Issues of Capacity and Decision-Making in the Context of Delirium Decision-making capacity is a fundamental consideration in working with patients in a clinical setting. One of the most common conditions affecting decision-making capacity in patients in the inpatient or long-term care setting is a form of acute, transient cognitive change known as delirium. A thorough understanding of delirium — how ... Article
Article  |   October 01, 2015
Issues of Capacity and Decision-Making in the Context of Delirium
Author Affiliations & Notes
  • Kevin R. Patterson
    Section of Psycho-oncology, University of Pittsburgh, Pittsburgh, PA
  • Financial Disclosure: Kevin R. Patterson is an assistant professor of psychiatry and medicine at the University of Pittsburgh.
    Financial Disclosure: Kevin R. Patterson is an assistant professor of psychiatry and medicine at the University of Pittsburgh.×
  • Nonfinancial Disclosure: Kevin R. Patterson has previously published in the subject area.
    Nonfinancial Disclosure: Kevin R. Patterson has previously published in the subject area.×
Article Information
Swallowing, Dysphagia & Feeding Disorders / Attention, Memory & Executive Functions / Articles
Article   |   October 01, 2015
Issues of Capacity and Decision-Making in the Context of Delirium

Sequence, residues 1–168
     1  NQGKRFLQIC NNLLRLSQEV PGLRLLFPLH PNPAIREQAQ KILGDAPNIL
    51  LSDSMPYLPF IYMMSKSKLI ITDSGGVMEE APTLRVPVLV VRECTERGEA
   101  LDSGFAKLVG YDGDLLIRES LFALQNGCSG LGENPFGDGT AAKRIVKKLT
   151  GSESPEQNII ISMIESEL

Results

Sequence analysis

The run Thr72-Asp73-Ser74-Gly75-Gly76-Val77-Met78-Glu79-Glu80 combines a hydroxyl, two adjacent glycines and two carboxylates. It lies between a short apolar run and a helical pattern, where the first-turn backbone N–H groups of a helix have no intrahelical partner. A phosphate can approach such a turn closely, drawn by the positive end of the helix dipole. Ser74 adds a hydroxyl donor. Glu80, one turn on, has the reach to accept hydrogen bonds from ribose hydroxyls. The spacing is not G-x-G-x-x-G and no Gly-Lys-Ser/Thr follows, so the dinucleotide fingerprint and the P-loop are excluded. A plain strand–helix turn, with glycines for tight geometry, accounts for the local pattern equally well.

SIG 13 Perspectives on Swallowing and Swallowing Disorders (Dysphagia), October 2015, Vol. 24, 140-145. doi:10.1044/sasd24.4.140
History: Received May 21, 2015 , Revised July 21, 2015 , Accepted July 29, 2015
SIG 13 Perspectives on Swallowing and Swallowing Disorders (Dysphagia), October 2015, Vol. 24, 140-145. doi:10.1044/sasd24.4.140
History: Received May 21, 2015; Revised July 21, 2015; Accepted July 29, 2015

Decision-making capacity is a fundamental consideration in working with patients in a clinical setting. One of the most common conditions affecting decision-making capacity in patients in the inpatient or long-term care setting is a form of acute, transient cognitive change known as delirium. A thorough understanding of delirium — how it can present, its predisposing and precipitating factors, and how it can be managed — will improve a speech-language pathologist's (SLPs) ability to make treatment recommendations, and to advise the treatment team on issues related to communication and patient autonomy.

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